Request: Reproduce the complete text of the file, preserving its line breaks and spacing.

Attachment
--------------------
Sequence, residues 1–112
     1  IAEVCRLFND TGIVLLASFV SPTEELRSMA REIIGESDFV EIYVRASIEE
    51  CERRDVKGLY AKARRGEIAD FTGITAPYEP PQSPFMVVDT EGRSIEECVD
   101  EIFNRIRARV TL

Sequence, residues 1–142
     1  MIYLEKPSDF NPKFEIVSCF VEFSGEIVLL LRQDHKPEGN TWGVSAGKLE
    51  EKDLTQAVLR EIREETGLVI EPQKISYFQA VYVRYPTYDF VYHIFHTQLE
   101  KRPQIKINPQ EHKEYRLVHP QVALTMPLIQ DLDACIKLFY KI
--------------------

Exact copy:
Sequence, residues 1–112
     1  IAEVCRLFND TGIVLLASFV SPTEELRSMA REIIGESDFV EIYVRASIEE
    51  CERRDVKGLY AKARRGEIAD FTGITAPYEP PQSPFMVVDT EGRSIEECVD
   101  EIFNRIRARV TL

Sequence, residues 1–142
     1  MIYLEKPSDF NPKFEIVSCF VEFSGEIVLL LRQDHKPEGN TWGVSAGKLE
    51  EKDLTQAVLR EIREETGLVI EPQKISYFQA VYVRYPTYDF VYHIFHTQLE
   101  KRPQIKINPQ EHKEYRLVHP QVALTMPLIQ DLDACIKLFY KI